It is a matter of no little distress that there may be no live TV coverage at all for very many of us of the Ross County v Celtic game. We may hold up our hands in horror that Ross County are doing their best to stop people attending by saying stupid things about cancelling tickets if they fall into the hands of Celtic supporters; we may similarly deplore the fact that no TV station (ie Sky Sports) seems interested, but the fact remains that many of us with money in our hands and willing to hand it over are thwarted by people who don’t want to take it from us in return for 90 minutes of the team that we love. Bizarre, isn’t it?
No doubt the ingenious will find the game on some foreign TV channel, but it may be that most of us will be listening to BBC Radio Scotland (or some other radio station) for news of the game. This may not necessarily be a fate worse than death, for it has long been my contention that radio commentators and pundits are a great deal more knowledgeable and far less likely to show off and play to the gallery than TV ones. It depends who you get, of course!
BBC has now lost, I am told, Richard Gordon, one of the best of them all. He has now retired from that job. He is an unashamed Aberdeen supporter and his position was a lot stronger in people’s eyes because he admitted that, and was never blinkered about his team. Still less was he ever triumphalist about them when they did well (yes, yes, I know he had little cause these past 10 years!) and similarly there was no cry baby stuff about referees when they did badly.
He was a thoroughly knowledgeable and professional pundit, and his honesty about the Dons was far better than those who disclaimed all allegiances but after five minutes it became obvious whose side they were on, or the infamous one who pretended to support St Mirren as a smokescreen for his deeper loyalties.
Before the serious stuff starts, there is usually Off The Ball. It can be funny but it can also be tiresome in the two gentlemen’s attempts to do down Celtic and (the)Rangers. One supports Motherwell the other supports St Johnstone, and I think they are quite sincere in their impartial dislike of both members of the Glasgow giants. Less impartial is our own Paddy Bonner who sometime talks sense, but there are others of whom that cannot be said. And one would not really have to be a stickler for English grammar, because “I’ve saw”, “he has spoke” and “they have went” are commonplace.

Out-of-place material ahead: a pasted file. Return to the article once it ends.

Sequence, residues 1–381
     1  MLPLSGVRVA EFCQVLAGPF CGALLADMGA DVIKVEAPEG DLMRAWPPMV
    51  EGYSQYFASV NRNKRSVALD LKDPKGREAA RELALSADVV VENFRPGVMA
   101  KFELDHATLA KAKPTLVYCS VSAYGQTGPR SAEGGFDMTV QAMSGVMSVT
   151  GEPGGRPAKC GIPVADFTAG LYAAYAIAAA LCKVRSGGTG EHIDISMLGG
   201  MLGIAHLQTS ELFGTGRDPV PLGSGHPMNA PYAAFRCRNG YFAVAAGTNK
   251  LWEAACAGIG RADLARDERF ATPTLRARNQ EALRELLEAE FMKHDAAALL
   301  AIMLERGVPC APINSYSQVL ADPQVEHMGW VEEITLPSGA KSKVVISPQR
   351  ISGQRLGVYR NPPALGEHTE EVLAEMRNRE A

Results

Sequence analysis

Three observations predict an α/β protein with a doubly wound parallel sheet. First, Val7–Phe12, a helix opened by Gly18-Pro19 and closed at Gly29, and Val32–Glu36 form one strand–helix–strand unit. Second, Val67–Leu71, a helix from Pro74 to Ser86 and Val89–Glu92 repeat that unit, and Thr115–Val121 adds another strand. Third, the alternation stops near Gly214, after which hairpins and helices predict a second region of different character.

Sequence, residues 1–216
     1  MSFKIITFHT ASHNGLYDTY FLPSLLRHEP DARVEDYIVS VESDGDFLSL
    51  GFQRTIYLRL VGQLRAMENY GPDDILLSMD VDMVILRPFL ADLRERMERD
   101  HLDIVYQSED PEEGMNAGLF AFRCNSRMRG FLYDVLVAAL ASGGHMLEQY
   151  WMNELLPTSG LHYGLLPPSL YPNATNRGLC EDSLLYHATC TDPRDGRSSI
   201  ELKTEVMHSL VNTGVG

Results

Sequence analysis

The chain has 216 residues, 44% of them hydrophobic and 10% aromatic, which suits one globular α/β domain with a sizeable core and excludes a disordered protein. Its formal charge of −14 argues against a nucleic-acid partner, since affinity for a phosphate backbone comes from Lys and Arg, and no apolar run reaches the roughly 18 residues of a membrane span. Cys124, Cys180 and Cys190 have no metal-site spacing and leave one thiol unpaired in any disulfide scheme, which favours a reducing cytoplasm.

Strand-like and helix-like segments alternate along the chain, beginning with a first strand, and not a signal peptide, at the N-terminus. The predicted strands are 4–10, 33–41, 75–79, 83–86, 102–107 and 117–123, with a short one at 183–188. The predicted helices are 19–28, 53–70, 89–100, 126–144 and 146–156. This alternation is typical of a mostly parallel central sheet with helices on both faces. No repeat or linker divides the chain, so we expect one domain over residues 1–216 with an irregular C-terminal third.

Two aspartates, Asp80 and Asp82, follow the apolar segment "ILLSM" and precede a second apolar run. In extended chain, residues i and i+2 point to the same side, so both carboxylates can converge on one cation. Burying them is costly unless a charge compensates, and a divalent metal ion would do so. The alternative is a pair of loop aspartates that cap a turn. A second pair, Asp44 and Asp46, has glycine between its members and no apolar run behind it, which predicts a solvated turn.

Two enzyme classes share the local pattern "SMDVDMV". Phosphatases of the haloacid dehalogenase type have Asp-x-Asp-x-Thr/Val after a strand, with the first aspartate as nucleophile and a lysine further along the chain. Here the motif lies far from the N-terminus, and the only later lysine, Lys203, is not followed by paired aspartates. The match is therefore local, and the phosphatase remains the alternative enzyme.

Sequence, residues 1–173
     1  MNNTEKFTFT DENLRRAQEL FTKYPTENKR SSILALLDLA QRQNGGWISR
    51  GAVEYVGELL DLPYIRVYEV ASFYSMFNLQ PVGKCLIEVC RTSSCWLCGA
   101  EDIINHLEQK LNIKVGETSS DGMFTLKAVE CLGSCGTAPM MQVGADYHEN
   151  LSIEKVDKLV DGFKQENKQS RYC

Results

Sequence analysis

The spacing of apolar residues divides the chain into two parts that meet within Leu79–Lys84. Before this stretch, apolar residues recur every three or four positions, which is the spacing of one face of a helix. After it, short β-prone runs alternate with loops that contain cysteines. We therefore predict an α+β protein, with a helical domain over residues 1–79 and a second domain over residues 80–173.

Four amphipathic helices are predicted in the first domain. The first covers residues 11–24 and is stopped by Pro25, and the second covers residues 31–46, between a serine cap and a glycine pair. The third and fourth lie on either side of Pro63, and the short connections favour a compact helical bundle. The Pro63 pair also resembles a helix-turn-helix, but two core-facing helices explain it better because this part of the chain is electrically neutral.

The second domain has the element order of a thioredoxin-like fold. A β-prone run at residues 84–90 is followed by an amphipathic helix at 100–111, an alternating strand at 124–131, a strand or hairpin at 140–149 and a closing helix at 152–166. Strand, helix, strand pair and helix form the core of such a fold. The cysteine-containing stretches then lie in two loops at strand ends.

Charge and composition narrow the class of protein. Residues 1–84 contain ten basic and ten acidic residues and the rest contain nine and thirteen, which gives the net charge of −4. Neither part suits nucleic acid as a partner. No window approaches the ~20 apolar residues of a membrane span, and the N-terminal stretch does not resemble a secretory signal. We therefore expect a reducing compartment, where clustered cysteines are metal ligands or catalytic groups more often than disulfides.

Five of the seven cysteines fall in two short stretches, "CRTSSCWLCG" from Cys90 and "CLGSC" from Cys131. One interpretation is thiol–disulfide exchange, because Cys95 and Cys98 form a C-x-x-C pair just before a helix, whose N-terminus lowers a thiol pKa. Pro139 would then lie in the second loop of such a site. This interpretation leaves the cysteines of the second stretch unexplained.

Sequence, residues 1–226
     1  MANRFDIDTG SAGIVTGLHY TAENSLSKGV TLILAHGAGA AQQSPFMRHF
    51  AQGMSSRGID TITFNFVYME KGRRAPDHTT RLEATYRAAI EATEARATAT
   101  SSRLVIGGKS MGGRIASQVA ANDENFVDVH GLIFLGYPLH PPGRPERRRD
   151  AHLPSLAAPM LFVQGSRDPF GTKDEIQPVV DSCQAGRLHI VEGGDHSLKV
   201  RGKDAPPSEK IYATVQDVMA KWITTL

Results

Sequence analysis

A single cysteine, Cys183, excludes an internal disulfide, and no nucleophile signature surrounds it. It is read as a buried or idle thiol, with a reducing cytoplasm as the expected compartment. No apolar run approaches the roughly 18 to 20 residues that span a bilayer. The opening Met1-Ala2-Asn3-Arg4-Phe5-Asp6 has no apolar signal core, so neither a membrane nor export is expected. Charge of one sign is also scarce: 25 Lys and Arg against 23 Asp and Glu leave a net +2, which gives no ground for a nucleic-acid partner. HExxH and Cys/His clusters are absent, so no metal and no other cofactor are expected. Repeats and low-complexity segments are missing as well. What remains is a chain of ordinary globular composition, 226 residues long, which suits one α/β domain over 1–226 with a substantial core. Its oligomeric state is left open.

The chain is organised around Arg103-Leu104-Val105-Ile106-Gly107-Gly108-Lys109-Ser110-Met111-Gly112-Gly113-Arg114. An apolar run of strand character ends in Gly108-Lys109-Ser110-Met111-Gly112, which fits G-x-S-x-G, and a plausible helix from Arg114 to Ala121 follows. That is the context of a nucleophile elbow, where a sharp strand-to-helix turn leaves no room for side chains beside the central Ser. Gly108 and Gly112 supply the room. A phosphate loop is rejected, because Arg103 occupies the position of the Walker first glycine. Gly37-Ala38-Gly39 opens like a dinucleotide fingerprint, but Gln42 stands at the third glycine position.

Oddly enough, my favourite radio commentator in the 1980s was John Greig – yes, that John Greig. He always came across as sympathetic, supportive, informative, knowledgeable and bent over backwards to be nice to Celtic.
And he was not afraid to turn on Rangers either when circumstances warranted. He also even had a sense of humour. In fact he was the polar opposite of what he was on the football field. We occasionally got malapropisms like the SFA being called the “adminsters”, a lower League team called “Stenhousehouse” and if it was still level after extra time, the game might have to go to a “penalty kick out”.
Listening to a game can be a fraught experience. Never listen to a game that is important to you on your car radio if you are driving! The problem is that you really have to try and visualise what is going on. There are times when the commentator can get too excited and wax lyrical for about five minutes about what a wonderful goal it was, what a great pass, or how the goalkeeper really should have had it covered – but fails to say who scored or what team he plays for! And if you switch on while the commentator is in mid flow, it may be a while before he tells you what the score is!
But radio it may have to be on Saturday unless someone comes up with a nice TV Channel for us. In any case the highlights will be on BBC TV at about 7.30 pm.
Oh and a word about the Celtic fan media sites – like The Celtic Star and several others too – who provide comprehensive match day coverage of Celtic matches. I am reliably informed that this site’s editor contacted Celtic earlier in the summer about access to the Ross County game on Saturday pointing out that the sites could not do their job if they were not allowed any means to see the game live.
The mainstream media will be in the press box but the suggestion put to Celtic was that the relevant sites who cover the matches are sold a ticket for the matches where there is no TV access, to allow the coverage to be consistent. Celtic unfortunately did not even reply. It seems that there is a long way to go before the media – new and old, mainstream and professional fan media – are treated equally.